Identification of Five Chronic Obstructive Pulmonary Disease Subgroups with Different Prognoses in the ECLIPSE Cohort Using Cluster Analysis

S.I. Rennard*, N. Locantore, B. Delafont, R. Tal-Singer, E.K. Silverman, J. Vestbo, B.E. Miller, P. Bakke, B. Celli, P.M.A. Calverley, H. Coxson, C. Crim, L.D. Edwards, D.A. Lomas, W. MacNee, E.F.M. Wouters, J.C. Yates, I. Coca, A. Agustí, the Evaluation of COPD Longitudinally to Identify Predictive Surrogate Endpoints

*Corresponding author for this work

Research output: Contribution to journalArticleAcademicpeer-review


Rationale: Chronic obstructive pulmonary disease (COPD) is a heterogeneous disease that likely includes clinically relevant subgroups. Objectives: To identify subgroups of COPD in ECLIPSE subjects using unsupervised cluster analysis and to assess clinically meaningful outcomes of the clusters during 3 years of longitudinal follow-up. Methods: Factor analysis was used to reduce 41 variables determined at recruitment in 2,164 COPD patients to 13 main factors, and the variables with the highest loading were used for unsupervised cluster analysis. Clusters were then evaluated for their relationship with clinically meaningful outcomes during 3 years of follow-up. The relationships among clinical parameters were evaluated within clusters. Measurements and Main Results: Five subgroups were distinguished using cross-sectional clinical features. Importantly, these groups differed with regard to outcomes. Cluster A included milder patients and had fewer deaths and hospitalizations. Cluster B had less systemic inflammation at baseline but had notable changes in health status and emphysema extent. Cluster C had many comorbidities, evidence of systemic inflammation and the highest mortality. Cluster D had low FEV1, severe emphysema and the highest exacerbation and COPD hospitalization rate. Cluster E was intermediate for most variables and may represent a mixed group that includes further clusters. The relationships among clinical variables within clusters differed from that in the entire COPD population. Conclusions: Unsupervised cluster analysis using baseline data in ECLIPSE identified five COPD subgroups that differ in outcomes and inflammatory biomarkers and show different relationships between clinical parameters, suggesting the clusters represent clinically and biologically different subtypes of COPD.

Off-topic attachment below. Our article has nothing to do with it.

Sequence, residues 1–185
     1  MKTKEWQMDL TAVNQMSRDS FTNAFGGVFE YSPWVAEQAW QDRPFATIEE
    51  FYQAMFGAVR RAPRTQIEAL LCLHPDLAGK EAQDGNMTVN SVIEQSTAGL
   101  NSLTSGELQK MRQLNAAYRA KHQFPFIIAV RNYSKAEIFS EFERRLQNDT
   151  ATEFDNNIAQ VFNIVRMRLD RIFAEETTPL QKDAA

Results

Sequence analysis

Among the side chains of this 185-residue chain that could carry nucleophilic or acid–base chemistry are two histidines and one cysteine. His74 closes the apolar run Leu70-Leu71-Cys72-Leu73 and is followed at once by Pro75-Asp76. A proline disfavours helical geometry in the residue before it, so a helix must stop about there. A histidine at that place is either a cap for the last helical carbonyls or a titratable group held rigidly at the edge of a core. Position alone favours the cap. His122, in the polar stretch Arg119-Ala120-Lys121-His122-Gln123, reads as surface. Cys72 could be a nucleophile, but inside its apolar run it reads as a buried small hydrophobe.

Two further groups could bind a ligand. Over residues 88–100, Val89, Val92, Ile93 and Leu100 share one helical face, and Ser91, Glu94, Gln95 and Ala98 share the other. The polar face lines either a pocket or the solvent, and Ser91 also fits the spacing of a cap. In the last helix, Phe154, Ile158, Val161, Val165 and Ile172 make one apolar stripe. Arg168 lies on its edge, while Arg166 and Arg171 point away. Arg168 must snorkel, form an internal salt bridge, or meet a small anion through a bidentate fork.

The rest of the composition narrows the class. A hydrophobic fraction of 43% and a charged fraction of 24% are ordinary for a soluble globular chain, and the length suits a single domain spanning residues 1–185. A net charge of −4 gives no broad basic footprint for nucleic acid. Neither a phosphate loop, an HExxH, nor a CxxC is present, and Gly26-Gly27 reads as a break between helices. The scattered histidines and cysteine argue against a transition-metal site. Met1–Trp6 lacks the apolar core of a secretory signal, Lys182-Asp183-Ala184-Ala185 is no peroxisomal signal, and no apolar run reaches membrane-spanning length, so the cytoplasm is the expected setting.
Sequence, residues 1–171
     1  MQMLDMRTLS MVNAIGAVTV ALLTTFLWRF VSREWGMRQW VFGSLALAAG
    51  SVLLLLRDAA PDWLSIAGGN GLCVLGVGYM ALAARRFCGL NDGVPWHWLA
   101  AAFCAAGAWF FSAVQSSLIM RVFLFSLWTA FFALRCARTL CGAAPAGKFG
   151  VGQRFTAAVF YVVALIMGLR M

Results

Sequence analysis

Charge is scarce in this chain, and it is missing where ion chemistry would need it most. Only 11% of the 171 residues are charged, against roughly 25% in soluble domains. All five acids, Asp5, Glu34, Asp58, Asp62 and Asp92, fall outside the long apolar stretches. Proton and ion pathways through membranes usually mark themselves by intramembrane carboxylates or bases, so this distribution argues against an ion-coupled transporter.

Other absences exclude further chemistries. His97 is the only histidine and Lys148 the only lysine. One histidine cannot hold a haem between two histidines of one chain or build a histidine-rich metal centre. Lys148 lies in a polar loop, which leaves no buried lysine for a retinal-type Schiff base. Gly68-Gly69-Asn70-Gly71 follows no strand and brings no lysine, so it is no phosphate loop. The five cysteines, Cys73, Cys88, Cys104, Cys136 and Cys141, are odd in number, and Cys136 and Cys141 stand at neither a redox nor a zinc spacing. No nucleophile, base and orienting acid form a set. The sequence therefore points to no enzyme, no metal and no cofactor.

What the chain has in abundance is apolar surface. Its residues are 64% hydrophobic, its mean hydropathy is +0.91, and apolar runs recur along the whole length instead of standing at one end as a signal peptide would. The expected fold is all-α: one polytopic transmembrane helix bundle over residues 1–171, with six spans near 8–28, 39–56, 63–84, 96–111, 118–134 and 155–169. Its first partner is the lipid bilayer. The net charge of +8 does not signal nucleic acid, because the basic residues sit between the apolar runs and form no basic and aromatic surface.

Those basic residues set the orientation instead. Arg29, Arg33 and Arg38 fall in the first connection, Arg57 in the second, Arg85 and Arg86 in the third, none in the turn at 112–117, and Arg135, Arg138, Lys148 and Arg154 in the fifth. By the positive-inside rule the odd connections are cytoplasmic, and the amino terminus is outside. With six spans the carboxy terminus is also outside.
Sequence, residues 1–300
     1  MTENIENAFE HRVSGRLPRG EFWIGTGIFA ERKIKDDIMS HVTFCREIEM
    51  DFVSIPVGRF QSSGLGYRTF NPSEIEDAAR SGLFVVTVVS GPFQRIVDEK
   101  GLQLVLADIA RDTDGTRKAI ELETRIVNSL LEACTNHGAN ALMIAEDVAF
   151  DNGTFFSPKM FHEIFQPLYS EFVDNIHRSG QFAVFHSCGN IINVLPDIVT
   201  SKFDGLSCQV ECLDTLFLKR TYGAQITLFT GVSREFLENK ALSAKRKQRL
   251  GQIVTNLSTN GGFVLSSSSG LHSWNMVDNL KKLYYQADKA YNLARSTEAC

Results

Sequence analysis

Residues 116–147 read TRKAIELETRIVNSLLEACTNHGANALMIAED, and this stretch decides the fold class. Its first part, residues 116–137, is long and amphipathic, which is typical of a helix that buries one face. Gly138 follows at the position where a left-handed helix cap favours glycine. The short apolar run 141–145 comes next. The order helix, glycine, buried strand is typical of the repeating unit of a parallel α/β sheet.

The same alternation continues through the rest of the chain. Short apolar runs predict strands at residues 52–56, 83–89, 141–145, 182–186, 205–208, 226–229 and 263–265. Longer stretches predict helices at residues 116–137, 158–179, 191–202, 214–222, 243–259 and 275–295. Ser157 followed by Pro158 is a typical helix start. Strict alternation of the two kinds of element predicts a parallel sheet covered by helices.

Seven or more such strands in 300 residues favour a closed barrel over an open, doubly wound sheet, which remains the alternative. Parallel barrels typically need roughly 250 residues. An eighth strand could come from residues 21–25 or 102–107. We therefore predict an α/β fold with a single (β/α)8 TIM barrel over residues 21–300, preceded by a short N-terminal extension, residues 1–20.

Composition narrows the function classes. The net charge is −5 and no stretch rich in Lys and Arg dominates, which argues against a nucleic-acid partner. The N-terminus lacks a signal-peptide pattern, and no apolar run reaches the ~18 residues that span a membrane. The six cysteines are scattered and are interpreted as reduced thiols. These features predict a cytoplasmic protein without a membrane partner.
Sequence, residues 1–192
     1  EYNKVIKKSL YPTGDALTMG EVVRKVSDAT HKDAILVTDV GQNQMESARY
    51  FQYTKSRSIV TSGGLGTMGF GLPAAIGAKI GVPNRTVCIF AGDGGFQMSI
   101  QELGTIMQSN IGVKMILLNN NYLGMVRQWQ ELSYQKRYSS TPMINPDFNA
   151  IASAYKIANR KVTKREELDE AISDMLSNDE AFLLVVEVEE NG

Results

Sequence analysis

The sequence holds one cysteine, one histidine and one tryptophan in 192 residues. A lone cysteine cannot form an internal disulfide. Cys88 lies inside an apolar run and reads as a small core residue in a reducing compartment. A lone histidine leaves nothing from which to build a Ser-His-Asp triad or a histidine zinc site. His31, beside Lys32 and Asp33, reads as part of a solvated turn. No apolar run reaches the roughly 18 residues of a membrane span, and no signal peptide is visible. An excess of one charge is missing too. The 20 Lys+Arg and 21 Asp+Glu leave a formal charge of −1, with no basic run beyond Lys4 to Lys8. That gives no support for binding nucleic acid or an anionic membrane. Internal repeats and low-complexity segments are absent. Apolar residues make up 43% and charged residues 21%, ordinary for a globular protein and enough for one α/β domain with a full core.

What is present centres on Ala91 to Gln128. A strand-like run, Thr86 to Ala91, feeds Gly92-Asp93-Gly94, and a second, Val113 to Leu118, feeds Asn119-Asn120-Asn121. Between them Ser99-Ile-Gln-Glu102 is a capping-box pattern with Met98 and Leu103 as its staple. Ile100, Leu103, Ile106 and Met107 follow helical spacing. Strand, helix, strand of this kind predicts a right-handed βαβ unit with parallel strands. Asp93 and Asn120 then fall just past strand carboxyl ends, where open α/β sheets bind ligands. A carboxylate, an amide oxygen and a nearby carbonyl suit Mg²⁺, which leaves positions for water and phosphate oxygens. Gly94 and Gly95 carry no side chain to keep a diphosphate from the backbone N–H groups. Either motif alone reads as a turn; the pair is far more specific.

Original languageEnglish
Pages (from-to)303-312
JournalAnnals of the American Thoracic Society
Issue number3
Publication statusPublished - 1 Jan 2015

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